The International Renewable Energy Agency (IRENA) issued a whitepaper analysing the adoption of mini-grids in the Philippines.The paper highlight factors impacting on the market, and provides recommendations to improve the mini-grid market.

According to IRENA, factors such as lack of funding and regulatory support are hindering the market growth.

According to the Philippines Department of Energy, 4.2 million people do not have access to electricity.

The country has set a target to electrify 90% of households by the end of 2017 from 80.9% in 2014.

However, electrifying households in rural areas will remain a challenge due to the remote nature of infrastructure in these areas.

Therefore, the development of mini-grids will have the government to achieve its target.

Low capacity of consumers to pay, logistical complexities and location remoteness has scared away investors.

IRENA recommends:

Streamline administrative and permitting processes. This is necessary to remove repetitions and redundancies. It is advisable for the remaining processes to be improved to reduce costs and processing times.

Revise procurement rules for off-grid areas. Considering the difficulty faced in attracting investments in off-grid areas, the use of a competitive selection process is considered inappropriate and unnecessary.

Improve tariff determination procedures. Tariff determination for off-grid projects is more complex than on-grid projects, and the current practice of using on-grid feed-in tariffs (FITs) is not appropriate for off-grid projects.

Increase access to financing. Access to both equity and loan financing is key to advancing off-grid renewable energy development, especially if more small operators are to enter the market. Government can both provide this funding directly and stimulate investment from private-sector financial institutions.

Promote knowledge and understanding of renewable energy by all stakeholders. Thorough and continuing capacity building is required for all stakeholders to improve their knowledge and understanding of renewable energy and to facilitate information exchange, both internally and internationally.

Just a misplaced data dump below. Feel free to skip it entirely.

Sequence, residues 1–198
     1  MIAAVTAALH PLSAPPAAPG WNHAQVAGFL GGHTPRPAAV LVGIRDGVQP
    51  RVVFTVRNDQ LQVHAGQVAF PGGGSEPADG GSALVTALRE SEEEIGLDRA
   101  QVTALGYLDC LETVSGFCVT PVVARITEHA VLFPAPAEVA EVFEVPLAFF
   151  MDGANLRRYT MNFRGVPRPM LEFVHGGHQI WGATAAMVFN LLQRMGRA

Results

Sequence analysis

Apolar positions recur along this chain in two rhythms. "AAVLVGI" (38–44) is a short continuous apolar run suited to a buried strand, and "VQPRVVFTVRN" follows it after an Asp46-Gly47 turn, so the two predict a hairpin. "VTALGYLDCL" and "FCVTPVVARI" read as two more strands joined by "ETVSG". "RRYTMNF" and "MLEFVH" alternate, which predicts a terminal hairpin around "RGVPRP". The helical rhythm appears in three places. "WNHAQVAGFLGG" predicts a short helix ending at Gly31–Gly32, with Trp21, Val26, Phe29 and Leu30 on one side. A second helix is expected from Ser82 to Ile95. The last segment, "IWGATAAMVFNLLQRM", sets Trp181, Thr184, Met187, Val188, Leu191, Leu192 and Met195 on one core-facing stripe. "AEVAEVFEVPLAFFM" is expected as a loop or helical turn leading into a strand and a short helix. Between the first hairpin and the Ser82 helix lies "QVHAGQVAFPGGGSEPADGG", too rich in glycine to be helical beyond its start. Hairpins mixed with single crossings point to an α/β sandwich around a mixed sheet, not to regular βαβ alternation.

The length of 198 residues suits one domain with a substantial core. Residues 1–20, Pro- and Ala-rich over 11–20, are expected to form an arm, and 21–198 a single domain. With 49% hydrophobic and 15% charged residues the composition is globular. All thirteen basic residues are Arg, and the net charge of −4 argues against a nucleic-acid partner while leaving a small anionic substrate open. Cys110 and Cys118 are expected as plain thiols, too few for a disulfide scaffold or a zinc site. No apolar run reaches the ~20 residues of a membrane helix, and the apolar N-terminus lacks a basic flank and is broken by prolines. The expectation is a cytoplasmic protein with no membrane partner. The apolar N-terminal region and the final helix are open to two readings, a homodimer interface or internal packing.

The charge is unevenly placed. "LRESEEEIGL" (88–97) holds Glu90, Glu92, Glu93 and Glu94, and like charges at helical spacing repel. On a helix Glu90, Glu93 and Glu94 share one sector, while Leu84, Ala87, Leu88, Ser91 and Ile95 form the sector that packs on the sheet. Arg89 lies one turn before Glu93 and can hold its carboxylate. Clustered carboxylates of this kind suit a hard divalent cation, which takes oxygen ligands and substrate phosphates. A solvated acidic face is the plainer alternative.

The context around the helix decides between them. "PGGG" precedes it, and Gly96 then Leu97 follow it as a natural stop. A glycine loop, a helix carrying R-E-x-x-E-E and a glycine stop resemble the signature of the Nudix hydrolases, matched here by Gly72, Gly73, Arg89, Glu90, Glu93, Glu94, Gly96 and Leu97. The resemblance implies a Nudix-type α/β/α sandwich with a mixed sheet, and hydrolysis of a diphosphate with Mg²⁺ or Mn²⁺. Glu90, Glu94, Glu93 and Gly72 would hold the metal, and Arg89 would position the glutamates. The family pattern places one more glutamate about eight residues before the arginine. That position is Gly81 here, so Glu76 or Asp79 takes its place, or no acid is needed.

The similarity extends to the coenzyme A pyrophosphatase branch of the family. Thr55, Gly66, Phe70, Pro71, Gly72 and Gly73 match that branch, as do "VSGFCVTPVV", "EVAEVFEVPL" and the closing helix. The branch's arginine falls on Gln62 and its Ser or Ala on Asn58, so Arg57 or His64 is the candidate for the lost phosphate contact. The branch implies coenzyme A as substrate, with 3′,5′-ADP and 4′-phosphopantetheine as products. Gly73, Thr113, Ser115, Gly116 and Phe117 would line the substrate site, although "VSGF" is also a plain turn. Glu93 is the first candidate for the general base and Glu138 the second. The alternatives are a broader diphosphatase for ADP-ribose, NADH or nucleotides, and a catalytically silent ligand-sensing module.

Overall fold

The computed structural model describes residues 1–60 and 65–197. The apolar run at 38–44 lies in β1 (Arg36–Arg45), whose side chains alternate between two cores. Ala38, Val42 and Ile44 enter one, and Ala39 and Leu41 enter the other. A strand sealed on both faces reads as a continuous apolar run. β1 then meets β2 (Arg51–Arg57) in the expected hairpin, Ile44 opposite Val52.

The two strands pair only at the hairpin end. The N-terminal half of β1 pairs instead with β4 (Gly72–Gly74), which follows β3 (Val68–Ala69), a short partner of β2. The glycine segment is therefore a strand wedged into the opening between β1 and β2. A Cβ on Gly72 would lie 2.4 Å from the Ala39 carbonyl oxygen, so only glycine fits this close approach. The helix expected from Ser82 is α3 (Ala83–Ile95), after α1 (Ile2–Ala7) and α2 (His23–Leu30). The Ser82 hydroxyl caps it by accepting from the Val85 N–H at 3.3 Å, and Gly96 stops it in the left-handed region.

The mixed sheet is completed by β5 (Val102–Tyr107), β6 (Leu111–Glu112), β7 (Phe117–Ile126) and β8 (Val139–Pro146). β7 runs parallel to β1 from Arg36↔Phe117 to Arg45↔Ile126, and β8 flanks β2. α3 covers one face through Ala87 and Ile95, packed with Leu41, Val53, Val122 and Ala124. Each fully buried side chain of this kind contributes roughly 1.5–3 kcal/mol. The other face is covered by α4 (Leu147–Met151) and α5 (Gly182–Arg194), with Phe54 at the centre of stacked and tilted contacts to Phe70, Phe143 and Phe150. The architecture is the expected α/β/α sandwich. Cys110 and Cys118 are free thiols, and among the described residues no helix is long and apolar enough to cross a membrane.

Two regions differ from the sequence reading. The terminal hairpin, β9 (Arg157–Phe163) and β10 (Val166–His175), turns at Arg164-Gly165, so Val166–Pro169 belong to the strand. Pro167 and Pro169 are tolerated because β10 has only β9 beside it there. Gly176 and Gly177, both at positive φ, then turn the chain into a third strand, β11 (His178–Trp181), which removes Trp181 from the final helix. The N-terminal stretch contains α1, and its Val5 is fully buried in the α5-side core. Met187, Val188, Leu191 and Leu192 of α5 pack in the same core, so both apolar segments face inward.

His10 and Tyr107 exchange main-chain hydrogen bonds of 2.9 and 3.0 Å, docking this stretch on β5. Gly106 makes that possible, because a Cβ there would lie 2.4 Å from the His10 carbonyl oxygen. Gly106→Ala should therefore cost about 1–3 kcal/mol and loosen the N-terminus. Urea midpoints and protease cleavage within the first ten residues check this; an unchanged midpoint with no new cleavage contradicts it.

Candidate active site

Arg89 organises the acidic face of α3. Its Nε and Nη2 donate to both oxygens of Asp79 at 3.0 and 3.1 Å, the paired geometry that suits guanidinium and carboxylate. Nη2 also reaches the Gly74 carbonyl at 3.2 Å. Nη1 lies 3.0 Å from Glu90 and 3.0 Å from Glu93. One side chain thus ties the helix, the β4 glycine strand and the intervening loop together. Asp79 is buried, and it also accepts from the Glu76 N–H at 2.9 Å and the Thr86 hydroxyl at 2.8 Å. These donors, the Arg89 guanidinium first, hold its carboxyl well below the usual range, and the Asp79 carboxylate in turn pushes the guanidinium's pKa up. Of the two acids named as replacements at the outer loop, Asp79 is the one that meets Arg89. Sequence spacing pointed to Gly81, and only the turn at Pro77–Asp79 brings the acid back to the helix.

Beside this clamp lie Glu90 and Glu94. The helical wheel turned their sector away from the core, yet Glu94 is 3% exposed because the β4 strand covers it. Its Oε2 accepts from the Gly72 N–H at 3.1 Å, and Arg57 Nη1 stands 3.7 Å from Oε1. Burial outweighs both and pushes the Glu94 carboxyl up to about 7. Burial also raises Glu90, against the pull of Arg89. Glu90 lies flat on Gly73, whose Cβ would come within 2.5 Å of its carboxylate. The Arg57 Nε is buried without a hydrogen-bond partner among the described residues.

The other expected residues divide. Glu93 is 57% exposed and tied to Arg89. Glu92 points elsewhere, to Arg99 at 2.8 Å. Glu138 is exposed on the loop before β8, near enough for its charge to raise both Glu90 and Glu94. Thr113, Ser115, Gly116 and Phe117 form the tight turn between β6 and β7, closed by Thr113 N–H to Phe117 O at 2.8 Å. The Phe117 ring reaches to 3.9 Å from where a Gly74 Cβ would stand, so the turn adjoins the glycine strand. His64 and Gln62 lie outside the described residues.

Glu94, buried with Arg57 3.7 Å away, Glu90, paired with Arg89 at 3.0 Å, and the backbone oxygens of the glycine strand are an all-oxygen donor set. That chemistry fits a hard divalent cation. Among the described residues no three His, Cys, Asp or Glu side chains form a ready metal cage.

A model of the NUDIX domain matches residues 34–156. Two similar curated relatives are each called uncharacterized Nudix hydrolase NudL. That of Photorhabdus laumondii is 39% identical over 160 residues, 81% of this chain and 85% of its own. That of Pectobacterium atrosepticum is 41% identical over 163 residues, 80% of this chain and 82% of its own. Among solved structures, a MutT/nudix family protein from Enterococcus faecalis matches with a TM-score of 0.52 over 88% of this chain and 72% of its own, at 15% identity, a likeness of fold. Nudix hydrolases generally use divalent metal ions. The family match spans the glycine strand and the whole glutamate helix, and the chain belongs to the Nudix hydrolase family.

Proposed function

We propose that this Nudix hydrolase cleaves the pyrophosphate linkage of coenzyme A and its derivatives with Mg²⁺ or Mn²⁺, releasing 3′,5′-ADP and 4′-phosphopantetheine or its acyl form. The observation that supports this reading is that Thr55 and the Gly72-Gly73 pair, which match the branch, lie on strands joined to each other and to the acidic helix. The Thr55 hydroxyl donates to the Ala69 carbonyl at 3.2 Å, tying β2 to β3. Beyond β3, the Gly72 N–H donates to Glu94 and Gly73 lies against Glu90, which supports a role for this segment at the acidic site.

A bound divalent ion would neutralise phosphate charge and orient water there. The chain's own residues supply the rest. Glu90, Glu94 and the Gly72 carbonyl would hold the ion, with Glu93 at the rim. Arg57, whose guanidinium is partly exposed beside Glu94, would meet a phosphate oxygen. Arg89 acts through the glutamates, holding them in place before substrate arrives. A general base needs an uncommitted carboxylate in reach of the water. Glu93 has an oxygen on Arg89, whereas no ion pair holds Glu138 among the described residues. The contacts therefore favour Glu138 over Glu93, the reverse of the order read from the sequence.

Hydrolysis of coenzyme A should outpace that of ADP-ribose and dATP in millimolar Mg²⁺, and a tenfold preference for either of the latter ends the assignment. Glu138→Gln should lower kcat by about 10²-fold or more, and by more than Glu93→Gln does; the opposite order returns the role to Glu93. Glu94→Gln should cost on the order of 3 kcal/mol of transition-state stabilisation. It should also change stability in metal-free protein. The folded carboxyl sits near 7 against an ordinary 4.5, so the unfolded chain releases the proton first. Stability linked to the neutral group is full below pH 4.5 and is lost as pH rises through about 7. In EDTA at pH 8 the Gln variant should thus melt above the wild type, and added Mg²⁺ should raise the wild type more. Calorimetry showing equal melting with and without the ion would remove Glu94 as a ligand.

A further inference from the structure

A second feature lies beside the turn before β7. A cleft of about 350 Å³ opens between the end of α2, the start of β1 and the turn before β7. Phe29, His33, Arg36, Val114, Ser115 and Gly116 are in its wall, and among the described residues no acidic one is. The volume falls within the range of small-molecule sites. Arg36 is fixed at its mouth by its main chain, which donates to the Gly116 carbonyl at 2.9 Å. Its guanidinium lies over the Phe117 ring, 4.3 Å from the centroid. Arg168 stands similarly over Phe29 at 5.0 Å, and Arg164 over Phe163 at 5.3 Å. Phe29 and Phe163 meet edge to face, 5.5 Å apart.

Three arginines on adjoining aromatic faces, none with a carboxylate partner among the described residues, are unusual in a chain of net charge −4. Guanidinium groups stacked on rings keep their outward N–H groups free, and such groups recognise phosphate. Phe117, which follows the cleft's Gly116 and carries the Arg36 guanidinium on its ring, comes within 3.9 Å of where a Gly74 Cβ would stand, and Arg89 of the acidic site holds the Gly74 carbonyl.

Establish a clear policy approach for mini-grids. There is need to introduce a graduation policy for the Universal Charge for Missionary Electrification entitlement. A recommendation is made for this policy to return to the original intent of the Electric Power Industry Reform Act: to focus funds on unviable areas, and, as previously mentioned, to simplify the application process to facilitate access by smaller operators.

Prioritise renewable energy in small, remote off-grid areas. Where suitable renewable resources are available, the use of RETs – either in hybrid systems or standalone – must be prioritised.

Define clear strategies for differentiation between grid extension and off-grid development. Distance from existing grid infrastructure, population density and electricity demand are all factors to consider in establishing the electrification method and technology.

Coordinate between agencies. Apply the consistent use of key terminology and definitions to ensure that all stakeholders have a common understanding of all plans, their objectives and targets, and that regulations are applied in line with their originally intended purpose.

Revise the current Missionary Electrification Development Plan to focus on reliable energy electricity access to small, remote and isolated areas. This includes the provision of electricity to currently unserved areas and the improvement of service to areas with limited supply.

Prepare a definite plan for off-grid electrification

Prepare the Total Electrification Plan by the NEA as mandated. A comprehensive plan would cover clear electrification objectives and concrete strategies and programmes, with a specific section on the electrification of off-grid areas.

Define private-sector boundaries. In line with the Electric Power Industry Reform Act of 2001 (henceforth referred to as the “Electric Power Industry Reform Act”), areas for increased private-sector involvement should be identified, and a transition from government to private-sector control in these areas planned.

Acknowledge and initialise other stakeholders’ roles. The private sector, non-governmental organisations (NGOs) and local government units all play important roles.

Remove overlaps and properly delineate roles, functions and accountabilities. Clarification of roles and delineation among the DOE, the National Electrification Administration (NEA) and the Small Power Utilities Group (SPUG) are key to facilitating the effective implementation of the aforementioned plans, as well as the efficient use of government resources.